Peripheral Arterial Disease
Alternate Names : Peripheral Atherosclerosis, Chronic Peripheral Arterial Occlusive Disease
What are the signs and symptoms of the disease?
Peripheral arterial disease limits blood flow to the legs and sometimes the arms. Exercise increases the muscle's demand for blood. When the narrowed arteries can't transport enough oxygen-rich blood, the person has a type of pain known as claudication. Claudication generally involves the buttocks, legs, and calves. When the individual rests and the muscle gets enough oxygen, the claudication goes away.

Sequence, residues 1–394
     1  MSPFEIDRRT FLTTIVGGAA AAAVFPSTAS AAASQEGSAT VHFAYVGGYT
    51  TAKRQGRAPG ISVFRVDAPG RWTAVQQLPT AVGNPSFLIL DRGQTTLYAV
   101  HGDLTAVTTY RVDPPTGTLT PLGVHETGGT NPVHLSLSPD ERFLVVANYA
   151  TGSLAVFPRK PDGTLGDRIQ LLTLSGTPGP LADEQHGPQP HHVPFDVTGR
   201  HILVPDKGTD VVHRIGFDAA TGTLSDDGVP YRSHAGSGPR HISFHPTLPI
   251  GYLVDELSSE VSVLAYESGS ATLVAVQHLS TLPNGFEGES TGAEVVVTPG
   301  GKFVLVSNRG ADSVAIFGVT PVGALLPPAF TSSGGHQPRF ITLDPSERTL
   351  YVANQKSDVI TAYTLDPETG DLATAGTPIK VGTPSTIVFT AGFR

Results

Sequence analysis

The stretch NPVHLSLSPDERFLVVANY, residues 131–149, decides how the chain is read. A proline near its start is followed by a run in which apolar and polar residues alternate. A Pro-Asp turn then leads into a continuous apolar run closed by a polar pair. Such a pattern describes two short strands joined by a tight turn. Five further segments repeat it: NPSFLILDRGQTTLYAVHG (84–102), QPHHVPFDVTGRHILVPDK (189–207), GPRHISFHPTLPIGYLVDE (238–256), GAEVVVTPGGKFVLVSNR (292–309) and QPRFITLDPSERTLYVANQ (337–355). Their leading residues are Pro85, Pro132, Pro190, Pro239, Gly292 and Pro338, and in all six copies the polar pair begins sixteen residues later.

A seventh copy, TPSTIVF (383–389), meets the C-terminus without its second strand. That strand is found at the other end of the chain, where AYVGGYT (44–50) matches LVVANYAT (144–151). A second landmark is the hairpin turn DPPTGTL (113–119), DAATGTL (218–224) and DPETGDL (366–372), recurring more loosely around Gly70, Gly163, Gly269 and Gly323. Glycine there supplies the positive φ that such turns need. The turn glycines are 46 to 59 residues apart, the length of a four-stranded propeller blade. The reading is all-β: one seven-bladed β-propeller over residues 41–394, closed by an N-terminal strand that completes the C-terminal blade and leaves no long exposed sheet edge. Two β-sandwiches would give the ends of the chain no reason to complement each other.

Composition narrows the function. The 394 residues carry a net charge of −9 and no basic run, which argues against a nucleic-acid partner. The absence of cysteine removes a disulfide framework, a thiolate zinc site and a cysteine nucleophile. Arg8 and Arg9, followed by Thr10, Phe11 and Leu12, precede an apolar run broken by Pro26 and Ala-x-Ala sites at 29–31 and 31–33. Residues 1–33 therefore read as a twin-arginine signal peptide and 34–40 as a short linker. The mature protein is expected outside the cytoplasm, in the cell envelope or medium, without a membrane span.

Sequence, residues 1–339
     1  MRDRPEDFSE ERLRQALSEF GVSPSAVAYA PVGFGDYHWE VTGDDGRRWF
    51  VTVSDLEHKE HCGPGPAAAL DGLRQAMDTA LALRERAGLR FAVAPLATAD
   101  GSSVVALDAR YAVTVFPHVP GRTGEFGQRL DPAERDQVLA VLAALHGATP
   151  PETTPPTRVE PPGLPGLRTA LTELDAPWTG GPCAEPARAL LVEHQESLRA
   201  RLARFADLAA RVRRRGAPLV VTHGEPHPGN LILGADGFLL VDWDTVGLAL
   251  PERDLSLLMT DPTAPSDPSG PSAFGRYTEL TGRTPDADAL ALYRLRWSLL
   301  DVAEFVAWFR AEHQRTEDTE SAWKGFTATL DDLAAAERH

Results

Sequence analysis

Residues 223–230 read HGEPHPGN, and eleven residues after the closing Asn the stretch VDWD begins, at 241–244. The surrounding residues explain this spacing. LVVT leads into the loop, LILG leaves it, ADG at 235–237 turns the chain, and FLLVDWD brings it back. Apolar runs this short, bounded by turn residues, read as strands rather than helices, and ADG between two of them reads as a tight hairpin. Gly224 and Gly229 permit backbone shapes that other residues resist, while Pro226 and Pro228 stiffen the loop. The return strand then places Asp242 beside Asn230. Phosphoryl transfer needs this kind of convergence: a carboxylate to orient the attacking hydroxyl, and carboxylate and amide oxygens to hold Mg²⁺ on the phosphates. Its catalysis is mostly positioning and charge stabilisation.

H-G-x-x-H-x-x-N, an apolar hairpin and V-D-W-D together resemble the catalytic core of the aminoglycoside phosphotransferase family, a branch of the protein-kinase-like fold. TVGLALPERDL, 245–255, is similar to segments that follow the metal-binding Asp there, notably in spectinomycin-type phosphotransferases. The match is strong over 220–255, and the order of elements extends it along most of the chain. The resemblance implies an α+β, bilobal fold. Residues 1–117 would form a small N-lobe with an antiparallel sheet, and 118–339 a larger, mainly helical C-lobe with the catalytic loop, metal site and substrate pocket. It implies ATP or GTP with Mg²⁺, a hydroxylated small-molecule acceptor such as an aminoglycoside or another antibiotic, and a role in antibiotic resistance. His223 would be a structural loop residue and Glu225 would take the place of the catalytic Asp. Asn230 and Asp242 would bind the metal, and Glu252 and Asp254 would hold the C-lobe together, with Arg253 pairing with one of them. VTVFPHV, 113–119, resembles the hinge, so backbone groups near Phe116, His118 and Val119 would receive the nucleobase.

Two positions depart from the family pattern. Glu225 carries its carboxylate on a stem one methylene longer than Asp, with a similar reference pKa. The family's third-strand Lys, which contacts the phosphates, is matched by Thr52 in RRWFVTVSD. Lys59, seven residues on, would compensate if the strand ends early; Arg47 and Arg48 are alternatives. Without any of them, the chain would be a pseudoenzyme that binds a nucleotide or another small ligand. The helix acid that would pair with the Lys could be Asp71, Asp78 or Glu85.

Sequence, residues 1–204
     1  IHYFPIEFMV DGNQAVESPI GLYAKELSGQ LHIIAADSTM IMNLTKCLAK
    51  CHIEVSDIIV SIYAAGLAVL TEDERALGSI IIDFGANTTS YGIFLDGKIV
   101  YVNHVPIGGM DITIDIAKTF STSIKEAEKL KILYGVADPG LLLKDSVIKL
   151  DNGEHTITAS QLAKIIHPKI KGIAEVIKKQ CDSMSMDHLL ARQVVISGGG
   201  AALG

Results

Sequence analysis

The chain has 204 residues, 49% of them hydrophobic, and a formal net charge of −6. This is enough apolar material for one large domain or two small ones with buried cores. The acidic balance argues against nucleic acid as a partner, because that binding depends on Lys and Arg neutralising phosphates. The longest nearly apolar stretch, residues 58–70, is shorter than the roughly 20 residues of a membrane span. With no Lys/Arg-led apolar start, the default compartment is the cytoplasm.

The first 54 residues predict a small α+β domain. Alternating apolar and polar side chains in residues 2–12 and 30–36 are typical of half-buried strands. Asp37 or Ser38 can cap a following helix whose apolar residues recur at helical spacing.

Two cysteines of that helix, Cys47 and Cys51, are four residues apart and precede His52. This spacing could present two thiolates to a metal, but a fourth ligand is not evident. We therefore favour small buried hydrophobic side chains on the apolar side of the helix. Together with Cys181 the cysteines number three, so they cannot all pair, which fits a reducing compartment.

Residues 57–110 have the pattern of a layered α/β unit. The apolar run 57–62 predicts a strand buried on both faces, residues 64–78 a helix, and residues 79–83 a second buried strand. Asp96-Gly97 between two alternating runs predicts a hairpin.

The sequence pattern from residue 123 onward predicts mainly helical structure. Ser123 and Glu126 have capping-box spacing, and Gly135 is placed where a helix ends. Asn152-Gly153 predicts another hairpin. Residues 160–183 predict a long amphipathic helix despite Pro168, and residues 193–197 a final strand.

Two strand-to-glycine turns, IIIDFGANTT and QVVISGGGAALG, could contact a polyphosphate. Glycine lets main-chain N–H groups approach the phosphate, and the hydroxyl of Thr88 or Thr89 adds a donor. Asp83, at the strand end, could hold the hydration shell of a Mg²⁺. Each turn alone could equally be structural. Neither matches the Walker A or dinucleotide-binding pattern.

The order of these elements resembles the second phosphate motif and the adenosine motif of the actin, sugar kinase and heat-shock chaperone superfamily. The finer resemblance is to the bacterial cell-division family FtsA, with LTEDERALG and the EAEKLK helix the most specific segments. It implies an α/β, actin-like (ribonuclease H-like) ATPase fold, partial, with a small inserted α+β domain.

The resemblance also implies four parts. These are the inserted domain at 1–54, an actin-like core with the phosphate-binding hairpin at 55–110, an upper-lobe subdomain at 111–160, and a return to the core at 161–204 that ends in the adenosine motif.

Someone with peripheral arterial disease may also have:
hair loss on the arms or legs
pain at rest, including nighttime pain
red, blue, or pale skin on the affected limb
sores on the arms or legs that won't heal